Over the course of the next couple of days, I’m going to post quite a few articles in relation to the 89 best PC tips. This will include everything from Audio, iTunes, Email, Productivity, Mac OS X Tips & Tricks, Security, Travel, Video, the Web and even Media in general! This is a very well thought out and well written list originally from Laptop Mag. I enjoyed reading this article so much that I decided it was worth re-publishing. All of the original copyrights are in place, the next series of articles, titled 89 best PC tips, are completely credited to LaptopMag!
The following series of tips is in complete dedication to the Web.
#1 – Get More Out of Google
Google does a lot more than search: Type “two dollars in yen” and find out how much a Japanese tourist pays to ride the New York City subways. Picking up someone from the airport? Type the name of an airline and the flight number to see if it’s on time. The same can be done for packages: Enter a FedEX, UPS or USPS tracking number into the search box to see where in the world it is.
#2 – Use Shortcuts
A well-placed keystroke or mouse click will help stave off carpal tunnel syndrome for another day. To find text as you type while surfing, press the “/” key. Want to open a new tab? Simply double-click on the tab box. Text too small to read? In either Firefox or Internet Explorer, click View > Text Size.
#3 – Clear your History
In the hands of a micromanaging boss, your Web browser’s history could mean trouble. Holding Control-Shift-Delete will clear private data quickly, but to clear history as well, go to Tools menu in Firefox, select Options > Privacy > Clear Now. In IE, select “Delete Browsing History” in the Tools menu. Truly paranoid surfers can opt for Firefox to clear all private data every time they end a session.
#4 – Give Widgets a Try
Sure, you could go for Google’s or Vista’s Gadgets, but Yahoo Widgets 4.5 (free – widgets.yahoo.com) is more aesthetically appealing, and offers a greater variety of fun desktop tchotchkes. The standard weather, sports scores, and news widgets are all there, plus unique widgets like the Drum Pad, which lets you create musical beats from your desktop. The Office Videos widget lets you watch clips from the hit show without having to launch a browser. Other favorites include the iTunes bar for controlling playback (complete with album art) and JC Sticky Delux (digital post-it notes).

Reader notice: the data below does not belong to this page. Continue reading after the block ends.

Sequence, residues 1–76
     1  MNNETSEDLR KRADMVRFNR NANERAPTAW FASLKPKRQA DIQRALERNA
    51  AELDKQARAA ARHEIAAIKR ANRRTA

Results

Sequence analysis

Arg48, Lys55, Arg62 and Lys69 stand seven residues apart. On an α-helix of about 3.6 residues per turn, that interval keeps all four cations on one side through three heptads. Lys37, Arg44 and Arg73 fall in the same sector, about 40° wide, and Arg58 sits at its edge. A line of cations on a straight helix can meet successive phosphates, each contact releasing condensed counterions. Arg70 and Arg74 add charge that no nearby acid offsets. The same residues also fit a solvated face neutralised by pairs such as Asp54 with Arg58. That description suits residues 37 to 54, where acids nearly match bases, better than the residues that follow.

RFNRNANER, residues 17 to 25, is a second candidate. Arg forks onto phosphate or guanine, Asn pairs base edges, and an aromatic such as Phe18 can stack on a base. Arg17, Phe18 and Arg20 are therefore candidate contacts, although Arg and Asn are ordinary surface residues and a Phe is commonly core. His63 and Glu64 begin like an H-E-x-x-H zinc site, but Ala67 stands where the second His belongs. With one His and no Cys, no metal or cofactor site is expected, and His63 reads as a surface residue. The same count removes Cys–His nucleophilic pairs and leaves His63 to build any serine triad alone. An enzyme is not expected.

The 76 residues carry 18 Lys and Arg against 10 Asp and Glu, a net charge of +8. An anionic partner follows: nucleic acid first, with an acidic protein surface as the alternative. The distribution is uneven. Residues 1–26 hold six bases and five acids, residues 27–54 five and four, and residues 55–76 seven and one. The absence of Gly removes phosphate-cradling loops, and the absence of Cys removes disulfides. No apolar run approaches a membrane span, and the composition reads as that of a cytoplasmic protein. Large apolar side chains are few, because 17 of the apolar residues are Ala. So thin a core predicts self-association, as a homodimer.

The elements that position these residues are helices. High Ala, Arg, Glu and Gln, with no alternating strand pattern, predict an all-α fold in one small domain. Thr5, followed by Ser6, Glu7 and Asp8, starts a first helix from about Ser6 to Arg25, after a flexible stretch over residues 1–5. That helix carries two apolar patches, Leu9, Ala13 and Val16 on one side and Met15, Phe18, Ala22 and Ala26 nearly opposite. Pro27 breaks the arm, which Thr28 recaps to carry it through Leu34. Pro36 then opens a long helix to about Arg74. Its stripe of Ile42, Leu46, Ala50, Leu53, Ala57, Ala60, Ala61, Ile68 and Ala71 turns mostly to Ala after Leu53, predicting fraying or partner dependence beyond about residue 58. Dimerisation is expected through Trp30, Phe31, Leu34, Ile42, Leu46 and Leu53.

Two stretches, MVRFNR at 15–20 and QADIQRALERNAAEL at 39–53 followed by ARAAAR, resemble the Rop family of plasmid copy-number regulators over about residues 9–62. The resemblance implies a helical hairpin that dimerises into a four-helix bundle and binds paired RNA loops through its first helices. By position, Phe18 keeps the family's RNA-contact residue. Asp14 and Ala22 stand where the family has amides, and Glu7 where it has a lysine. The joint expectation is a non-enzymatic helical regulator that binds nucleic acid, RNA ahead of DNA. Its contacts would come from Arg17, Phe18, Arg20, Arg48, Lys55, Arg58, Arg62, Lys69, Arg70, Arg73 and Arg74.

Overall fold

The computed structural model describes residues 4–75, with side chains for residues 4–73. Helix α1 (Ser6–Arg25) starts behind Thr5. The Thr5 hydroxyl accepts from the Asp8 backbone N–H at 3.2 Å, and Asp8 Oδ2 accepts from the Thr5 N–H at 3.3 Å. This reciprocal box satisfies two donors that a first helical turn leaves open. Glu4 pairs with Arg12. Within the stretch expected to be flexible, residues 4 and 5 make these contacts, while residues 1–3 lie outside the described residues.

#5 – Put the Surf in Surfing
Instead of visiting the same sites everyday, use StumpleUpon’s add-on (free – www.stumpleupon.com) for your browser to find new sites daily. Input your interests – music, religion, news, games, and more – and the service will feed you all the sites it thinks you would enjoy. Once you’ve discovered a bunch of hidden gems, you can create your own StumbleUpon profile with your favorite sites for others to see.
#6 – Get Smarter RSS Feeds
Google’s recent revamp of its Reader (free – www.google.com/reader) makes it even more powerful by adding a recommendation tool that suggests feeds based on your reading habits, and a tool that lets you share favorite posts with colleagues through Google Talk. Too many feeds? The new drag-and-drop filing system comes in handy.
#7 – Make the most of LinkedIN
Increase your connections exponentially on LinkedIn (free – www.linkedin.com) by importing contacts from Outlook, Facebook, and other databases. Inputting your full job history will make your profile appear in more searches, as will changing the URL of your public profile to include your full name.